- Use of reperfusion therapy among patients with acute stroke having in-hospital onset more than doubled during a recent decade, but time to use was slower and outcomes were poorer than for patients having out-of-hospital onset.
Why this matters
- Up to 10.8% of acute ischemic strokes occur among hospitalized patients.
- Contemporary use of reperfusion therapy and outcomes in this population are unknown.
- Editorial notes that "treatment can be better" and says the findings support broadening education and relevant protocols to regional stroke systems and healthcare professionals outside of neurology and emergency care.
- Between 2008 and 2018, patients with in-hospital stroke saw increased use of:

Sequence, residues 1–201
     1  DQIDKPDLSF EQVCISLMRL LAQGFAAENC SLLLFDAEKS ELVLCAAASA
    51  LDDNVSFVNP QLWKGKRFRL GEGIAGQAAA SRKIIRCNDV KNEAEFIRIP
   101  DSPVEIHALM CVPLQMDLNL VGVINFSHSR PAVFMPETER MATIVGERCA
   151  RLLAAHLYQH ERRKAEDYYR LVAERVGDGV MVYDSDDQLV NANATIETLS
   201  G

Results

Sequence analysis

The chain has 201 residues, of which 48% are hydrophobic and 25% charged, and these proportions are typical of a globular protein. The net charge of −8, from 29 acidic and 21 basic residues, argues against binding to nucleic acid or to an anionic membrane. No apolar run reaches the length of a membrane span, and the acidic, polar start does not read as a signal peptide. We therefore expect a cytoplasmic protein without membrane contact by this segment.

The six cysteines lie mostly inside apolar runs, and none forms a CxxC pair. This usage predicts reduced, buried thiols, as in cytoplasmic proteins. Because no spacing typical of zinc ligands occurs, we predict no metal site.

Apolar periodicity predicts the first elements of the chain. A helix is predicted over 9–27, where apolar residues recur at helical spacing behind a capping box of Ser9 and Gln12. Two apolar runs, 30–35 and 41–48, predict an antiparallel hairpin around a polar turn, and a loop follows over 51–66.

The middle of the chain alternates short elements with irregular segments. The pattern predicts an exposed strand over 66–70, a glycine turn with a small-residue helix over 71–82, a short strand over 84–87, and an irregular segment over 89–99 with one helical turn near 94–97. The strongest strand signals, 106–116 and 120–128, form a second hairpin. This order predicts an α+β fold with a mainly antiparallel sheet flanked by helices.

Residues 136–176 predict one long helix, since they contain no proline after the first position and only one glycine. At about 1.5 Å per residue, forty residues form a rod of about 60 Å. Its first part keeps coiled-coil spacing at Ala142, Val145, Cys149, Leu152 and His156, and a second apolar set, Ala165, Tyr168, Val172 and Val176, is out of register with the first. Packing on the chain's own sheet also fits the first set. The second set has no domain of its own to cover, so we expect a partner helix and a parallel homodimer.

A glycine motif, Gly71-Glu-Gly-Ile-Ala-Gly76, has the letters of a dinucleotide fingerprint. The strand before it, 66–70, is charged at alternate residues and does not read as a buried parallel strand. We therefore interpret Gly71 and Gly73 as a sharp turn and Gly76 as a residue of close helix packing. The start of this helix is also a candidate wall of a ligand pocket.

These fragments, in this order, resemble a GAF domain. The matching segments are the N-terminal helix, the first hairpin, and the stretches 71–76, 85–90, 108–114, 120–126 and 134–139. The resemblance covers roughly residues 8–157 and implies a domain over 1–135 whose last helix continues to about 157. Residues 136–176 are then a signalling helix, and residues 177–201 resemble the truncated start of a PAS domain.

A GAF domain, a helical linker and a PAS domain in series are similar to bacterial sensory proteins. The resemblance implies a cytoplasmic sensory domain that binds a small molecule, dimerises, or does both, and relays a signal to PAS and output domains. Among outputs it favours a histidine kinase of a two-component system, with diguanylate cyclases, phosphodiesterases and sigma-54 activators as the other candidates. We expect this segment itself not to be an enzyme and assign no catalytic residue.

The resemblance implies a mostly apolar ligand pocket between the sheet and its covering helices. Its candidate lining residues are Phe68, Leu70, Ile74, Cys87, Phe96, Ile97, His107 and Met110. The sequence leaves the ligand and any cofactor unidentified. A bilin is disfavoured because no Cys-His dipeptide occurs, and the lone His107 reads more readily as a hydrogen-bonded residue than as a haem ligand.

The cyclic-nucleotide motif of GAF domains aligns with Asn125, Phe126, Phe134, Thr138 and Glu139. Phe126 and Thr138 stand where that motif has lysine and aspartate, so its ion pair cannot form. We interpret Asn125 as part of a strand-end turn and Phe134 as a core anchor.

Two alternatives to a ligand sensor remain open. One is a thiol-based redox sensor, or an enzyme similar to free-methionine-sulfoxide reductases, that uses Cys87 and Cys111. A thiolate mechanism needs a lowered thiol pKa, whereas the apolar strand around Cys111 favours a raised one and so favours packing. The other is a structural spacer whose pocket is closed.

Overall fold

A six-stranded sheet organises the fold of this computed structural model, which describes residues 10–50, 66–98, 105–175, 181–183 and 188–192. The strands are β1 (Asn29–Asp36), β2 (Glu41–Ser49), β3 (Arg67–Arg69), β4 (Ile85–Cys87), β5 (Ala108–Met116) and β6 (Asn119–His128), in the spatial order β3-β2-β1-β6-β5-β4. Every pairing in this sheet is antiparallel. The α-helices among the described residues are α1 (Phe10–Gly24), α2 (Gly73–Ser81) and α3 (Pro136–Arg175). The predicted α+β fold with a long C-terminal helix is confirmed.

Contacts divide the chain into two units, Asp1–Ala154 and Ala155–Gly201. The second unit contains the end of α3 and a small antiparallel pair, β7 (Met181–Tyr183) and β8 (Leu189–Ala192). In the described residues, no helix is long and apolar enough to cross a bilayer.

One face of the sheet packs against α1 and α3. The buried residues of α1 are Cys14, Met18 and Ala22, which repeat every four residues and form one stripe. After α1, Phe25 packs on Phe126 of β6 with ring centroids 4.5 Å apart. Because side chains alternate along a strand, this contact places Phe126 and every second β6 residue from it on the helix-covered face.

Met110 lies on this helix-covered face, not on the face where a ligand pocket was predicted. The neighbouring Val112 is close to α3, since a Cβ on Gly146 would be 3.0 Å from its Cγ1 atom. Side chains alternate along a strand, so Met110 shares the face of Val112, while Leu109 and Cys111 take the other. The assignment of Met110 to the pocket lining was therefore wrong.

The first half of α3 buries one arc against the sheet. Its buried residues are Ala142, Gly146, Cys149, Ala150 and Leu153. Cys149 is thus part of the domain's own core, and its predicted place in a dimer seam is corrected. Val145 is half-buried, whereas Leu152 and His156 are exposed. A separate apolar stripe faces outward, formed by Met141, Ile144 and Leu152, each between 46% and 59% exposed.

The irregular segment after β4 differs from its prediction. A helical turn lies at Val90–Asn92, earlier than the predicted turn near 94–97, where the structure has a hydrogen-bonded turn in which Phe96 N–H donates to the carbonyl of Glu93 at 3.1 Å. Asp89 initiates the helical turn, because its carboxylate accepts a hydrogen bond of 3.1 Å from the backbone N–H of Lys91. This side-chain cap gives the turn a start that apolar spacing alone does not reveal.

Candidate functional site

- Intravenous thrombolysis (from 9.1% to 19.1%; P<.001>
- Endovascular therapy (from 2.5% to 6.9%; P<.001>
- Cranial imaging (33 vs 16 minutes; P<.001>
- Thrombolysis bolus (81 vs 60 minutes; P<.001>
- Less likely to ambulate independently at discharge (aOR, 0.78; P<.001>
- More likely to die or be discharged to hospice (aOR, 1.39; P<.001>
- US retrospective cohort study of patients undergoing reperfusion therapy for stroke 2008-2018 (national registry):
- 2,170,250 with out-of-hospital onset.
- 67,493 with in-hospital onset.
- Main outcomes: trends use of reperfusion therapy, process measures of quality, association of functional outcomes with patient factors.
- Funding: American Heart Association; Novartis; others.
- Indication for hospital admission was unknown.
- Potential reporting bias.
- Unknown generalizability.